- ECB Raises Deposit Rate to 4% Amid Inflation Battle
- Varying Inflation Challenges Across Eurozone
- ECB Indicates Potential End to Rate Hikes, but Inflation Remains a Concern
The Bank has increased its deposit rate by 0.25 percentage points to 4%. Interest rates may have peaked, but commentators expect them to stay put for months.
To battle inflation, the European Central Bank’s benchmark interest rate is at its highest level since the euro’s 1999 inception.
At the most recent meeting of the governing council, which administers monetary policy for the twenty countries using the European single currency, the Bank’s deposit rate was increased by 0.25 percentage points to 4%.
Given the persistent inflation in many euro-using nations, financial markets and economists had predicted that the decision would be close.
The euro area inflation rate in August was 5.3%, more than above the central bank’s 2% target.
Diverse challenges confronting each member state confound the ECB’s “one-size-fits-all” policy approach.
For instance, many in the Eastern Bloc continue to experience double-digit inflation rates.
Similarly, members such as Belgium and Spain are experiencing a rate of price inflation that approaches 1 percent.
Germany, Europe’s largest economy, and the Netherlands, which are already in recession, face a particularly troubling prospect from rising interest rates because they are designed to stifle economic demand.
In a statement, the Bank implied that rate increases may have reached their apex.
“The Governing Council considers that the key ECB interest rates have reached levels that, if maintained for a sufficiently long duration, will make a substantial contribution to the timely return of inflation to the target,” it said.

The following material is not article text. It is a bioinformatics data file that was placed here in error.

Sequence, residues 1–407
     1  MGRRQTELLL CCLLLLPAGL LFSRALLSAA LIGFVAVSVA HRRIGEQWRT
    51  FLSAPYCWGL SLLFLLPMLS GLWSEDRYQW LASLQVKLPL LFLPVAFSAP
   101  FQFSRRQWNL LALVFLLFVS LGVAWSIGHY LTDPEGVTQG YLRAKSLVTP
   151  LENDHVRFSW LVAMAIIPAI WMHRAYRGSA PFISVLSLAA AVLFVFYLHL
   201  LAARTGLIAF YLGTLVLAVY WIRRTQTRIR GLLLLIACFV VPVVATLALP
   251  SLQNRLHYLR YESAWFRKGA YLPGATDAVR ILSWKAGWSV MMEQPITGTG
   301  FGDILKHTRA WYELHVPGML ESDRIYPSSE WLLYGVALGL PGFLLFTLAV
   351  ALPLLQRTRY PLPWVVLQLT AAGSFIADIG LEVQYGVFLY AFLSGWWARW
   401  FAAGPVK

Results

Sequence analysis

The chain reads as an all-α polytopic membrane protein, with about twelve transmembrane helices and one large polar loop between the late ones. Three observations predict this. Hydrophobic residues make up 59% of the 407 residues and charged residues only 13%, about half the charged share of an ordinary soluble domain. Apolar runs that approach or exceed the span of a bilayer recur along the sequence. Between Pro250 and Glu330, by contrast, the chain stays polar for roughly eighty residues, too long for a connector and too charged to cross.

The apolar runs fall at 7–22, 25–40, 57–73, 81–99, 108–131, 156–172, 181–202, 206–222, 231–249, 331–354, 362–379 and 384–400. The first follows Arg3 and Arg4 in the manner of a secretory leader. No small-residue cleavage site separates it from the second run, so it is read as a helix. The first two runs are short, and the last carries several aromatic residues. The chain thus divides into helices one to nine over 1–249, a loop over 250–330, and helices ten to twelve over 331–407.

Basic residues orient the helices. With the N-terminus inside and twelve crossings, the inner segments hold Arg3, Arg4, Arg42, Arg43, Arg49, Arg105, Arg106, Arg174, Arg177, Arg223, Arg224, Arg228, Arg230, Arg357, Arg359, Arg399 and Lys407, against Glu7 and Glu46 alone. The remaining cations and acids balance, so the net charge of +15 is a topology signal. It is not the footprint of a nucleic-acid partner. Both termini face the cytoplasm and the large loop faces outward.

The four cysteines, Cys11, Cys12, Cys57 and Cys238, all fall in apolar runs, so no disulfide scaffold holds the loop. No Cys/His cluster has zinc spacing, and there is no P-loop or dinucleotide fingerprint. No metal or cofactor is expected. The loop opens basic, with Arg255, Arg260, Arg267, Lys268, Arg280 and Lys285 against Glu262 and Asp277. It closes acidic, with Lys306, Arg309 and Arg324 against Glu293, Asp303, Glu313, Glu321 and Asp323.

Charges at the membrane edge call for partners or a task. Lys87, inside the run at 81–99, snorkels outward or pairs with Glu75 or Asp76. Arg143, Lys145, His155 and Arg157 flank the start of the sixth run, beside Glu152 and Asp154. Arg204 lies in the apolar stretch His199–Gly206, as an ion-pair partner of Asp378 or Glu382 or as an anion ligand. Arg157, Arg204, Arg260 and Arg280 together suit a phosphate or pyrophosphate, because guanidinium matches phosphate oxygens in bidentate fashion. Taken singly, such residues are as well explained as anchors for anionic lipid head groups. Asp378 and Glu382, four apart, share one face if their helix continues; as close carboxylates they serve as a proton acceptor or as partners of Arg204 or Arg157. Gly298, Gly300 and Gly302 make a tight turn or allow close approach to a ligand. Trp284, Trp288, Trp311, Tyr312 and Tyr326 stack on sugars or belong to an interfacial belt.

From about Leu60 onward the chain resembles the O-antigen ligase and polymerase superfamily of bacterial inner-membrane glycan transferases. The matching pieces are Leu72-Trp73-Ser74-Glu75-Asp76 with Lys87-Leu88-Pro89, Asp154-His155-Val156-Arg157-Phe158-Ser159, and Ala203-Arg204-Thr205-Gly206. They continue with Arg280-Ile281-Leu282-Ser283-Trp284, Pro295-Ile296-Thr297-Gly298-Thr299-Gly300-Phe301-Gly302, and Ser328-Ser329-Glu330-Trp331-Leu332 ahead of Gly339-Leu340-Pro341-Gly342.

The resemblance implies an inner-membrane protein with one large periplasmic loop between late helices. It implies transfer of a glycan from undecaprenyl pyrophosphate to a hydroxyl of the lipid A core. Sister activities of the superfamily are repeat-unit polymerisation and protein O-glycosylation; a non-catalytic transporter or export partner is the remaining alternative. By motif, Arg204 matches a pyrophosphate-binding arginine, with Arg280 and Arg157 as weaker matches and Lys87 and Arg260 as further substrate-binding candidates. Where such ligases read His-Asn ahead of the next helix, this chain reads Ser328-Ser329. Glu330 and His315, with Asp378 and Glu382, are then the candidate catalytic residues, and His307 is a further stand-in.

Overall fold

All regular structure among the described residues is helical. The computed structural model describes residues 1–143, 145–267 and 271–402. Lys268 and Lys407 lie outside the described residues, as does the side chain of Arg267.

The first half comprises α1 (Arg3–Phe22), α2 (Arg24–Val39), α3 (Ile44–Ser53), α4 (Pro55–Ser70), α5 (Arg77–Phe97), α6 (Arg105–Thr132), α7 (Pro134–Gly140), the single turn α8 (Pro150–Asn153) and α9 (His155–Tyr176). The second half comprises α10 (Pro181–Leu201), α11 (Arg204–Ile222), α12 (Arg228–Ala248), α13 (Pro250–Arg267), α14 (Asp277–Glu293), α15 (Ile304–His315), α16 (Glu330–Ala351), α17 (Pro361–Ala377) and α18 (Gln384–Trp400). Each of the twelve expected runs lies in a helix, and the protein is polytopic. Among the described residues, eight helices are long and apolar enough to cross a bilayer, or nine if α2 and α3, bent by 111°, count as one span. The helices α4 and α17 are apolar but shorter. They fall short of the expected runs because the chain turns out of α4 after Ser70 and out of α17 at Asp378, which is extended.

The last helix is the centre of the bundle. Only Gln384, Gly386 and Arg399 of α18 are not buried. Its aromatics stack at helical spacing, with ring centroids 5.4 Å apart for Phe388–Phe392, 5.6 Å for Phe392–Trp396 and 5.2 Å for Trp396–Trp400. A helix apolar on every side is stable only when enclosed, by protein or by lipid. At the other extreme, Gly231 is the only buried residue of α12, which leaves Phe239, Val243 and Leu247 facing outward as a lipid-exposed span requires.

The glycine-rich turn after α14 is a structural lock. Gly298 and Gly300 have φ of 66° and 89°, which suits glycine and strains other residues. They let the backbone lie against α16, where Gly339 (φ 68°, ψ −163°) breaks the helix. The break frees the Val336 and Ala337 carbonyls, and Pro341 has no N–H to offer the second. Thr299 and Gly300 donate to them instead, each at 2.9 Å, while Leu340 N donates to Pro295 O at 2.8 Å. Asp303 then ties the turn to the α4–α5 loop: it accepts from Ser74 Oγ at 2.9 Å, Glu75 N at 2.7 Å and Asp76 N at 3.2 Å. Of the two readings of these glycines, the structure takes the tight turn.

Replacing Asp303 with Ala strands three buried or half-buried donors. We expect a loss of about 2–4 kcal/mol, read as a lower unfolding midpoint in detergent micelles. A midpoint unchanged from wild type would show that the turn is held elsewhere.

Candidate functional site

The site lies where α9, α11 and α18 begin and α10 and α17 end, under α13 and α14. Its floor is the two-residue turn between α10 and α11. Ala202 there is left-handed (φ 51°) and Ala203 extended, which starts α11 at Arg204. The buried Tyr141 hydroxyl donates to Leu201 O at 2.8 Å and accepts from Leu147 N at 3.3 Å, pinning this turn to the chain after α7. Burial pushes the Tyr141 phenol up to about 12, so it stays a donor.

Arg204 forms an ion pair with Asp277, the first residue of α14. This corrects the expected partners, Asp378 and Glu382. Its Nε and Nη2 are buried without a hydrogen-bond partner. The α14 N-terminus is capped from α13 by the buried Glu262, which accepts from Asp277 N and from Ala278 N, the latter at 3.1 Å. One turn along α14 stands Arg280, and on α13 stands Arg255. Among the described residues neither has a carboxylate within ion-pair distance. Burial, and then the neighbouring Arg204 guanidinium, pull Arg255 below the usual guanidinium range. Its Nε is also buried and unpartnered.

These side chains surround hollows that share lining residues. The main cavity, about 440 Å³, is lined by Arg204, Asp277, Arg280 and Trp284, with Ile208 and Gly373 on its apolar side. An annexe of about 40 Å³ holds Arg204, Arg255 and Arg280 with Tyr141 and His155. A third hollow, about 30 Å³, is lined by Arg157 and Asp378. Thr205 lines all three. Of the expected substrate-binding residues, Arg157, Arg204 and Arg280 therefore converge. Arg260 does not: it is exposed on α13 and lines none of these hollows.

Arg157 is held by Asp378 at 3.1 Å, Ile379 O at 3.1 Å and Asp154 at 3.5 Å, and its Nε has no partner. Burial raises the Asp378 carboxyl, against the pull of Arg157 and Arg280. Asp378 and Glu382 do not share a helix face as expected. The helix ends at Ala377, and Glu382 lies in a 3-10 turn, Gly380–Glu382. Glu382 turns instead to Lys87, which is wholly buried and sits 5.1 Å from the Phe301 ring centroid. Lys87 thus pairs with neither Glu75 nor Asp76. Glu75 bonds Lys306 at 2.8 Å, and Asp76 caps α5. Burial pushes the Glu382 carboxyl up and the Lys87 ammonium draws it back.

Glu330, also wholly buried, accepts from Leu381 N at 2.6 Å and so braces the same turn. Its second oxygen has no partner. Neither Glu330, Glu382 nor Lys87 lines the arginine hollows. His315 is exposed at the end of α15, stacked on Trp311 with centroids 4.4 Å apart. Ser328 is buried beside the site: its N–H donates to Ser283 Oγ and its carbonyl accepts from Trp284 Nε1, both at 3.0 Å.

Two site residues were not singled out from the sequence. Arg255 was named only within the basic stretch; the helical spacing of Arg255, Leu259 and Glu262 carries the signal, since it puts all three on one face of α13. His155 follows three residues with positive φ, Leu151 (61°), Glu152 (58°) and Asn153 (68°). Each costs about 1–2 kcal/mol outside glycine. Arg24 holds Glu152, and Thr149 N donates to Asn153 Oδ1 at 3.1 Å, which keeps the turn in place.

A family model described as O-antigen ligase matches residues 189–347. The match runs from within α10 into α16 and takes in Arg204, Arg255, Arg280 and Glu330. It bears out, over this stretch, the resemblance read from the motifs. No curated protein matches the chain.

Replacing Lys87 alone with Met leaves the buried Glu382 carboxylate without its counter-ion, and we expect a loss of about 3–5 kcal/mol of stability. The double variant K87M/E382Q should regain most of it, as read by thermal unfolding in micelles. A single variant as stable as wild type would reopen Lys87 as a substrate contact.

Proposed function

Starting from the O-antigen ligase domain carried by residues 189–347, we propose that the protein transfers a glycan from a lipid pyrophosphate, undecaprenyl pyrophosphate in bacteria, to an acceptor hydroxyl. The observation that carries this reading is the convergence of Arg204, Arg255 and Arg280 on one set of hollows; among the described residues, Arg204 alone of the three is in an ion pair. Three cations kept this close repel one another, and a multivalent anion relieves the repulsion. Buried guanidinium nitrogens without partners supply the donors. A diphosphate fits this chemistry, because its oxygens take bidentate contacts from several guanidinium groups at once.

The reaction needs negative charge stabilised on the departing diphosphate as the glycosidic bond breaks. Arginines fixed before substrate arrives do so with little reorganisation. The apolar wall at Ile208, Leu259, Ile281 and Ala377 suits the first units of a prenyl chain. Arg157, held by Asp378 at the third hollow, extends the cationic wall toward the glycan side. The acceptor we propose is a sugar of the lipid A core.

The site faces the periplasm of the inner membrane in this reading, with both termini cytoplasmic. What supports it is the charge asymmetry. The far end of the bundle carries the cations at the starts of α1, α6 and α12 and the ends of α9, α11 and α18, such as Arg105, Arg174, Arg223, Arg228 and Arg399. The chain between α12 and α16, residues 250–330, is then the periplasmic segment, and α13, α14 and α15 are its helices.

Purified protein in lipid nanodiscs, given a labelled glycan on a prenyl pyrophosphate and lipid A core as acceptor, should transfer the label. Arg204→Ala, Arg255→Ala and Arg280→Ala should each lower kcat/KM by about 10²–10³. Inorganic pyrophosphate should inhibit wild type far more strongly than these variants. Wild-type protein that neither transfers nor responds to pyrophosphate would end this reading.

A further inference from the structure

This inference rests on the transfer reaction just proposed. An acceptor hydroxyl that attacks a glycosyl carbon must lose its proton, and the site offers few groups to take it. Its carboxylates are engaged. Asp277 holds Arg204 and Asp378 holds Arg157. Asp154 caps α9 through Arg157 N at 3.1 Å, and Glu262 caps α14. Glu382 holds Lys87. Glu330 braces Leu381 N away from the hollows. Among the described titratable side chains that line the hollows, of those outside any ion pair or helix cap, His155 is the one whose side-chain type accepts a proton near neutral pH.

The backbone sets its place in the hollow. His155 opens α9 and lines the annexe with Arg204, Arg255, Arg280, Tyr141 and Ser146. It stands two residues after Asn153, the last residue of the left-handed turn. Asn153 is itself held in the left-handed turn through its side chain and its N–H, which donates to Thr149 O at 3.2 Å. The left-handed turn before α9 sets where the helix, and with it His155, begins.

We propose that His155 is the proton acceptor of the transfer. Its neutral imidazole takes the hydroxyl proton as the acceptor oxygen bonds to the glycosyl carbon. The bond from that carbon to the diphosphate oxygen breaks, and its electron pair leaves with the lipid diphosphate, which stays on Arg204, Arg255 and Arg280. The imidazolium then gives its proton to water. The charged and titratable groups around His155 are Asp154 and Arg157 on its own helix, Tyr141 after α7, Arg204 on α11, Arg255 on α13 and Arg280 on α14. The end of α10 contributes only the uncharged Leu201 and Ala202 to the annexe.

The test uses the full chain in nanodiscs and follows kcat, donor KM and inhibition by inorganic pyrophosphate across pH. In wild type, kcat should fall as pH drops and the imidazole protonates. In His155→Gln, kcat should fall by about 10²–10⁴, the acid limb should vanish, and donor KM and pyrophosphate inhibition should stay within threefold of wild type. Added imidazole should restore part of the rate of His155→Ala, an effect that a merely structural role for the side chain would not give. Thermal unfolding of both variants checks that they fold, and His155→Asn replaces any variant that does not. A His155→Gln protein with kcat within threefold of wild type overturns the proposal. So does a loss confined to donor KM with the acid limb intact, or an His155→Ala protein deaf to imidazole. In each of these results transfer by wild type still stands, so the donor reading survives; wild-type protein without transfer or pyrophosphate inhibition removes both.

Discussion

Commentators also noted that no additional price increases appeared likely.
Andrew Kenningham from Capital Economics stated that the ECB’s announcement “probably brings the current tightening cycle to an end.”
He added, “However, given the strength of underlying inflation, we anticipate that interest rates will remain at this level for at least a year, even though the economy appears to be entering a recession.”
According to Neil Wilson, the chief market analyst at Finalto, “the ECB believes it is over and that we have reached the peak in interest rates.”
European Central Bank head Christine Lagarde said, “We are not saying that we have reached the peak.”
She stated at a press conference on Thursday, “The fight against inflation that we are conducting is making progress. And what we’re doing today is an attempt to consolidate that progress.
“In October, the [inflation] rate was 10.6%; it is now 5.3%, so it has decreased by half.
“Is it acceptable? No. Because, according to our projections, it is anticipated to remain too high for too long. But inflation has declined, and we wish for this trend to persist and be reinforced.”
She added, “We’re not doing this to force a recession, but because we want price stability for those who are bearing the brunt of inflation and high prices – primarily those who are not the most privileged.”
In addition to the rate hike, the ECB cut its euro area growth forecast for this year to 0.7% from 0.9%.
However, Ms. Lagarde deflected questions regarding a potential impending recession and stated that the slowdown would be temporary.
“The anticipated recovery for the second half of 2023 has been put back. We are optimistic that development will accelerate in 2024,” she continued.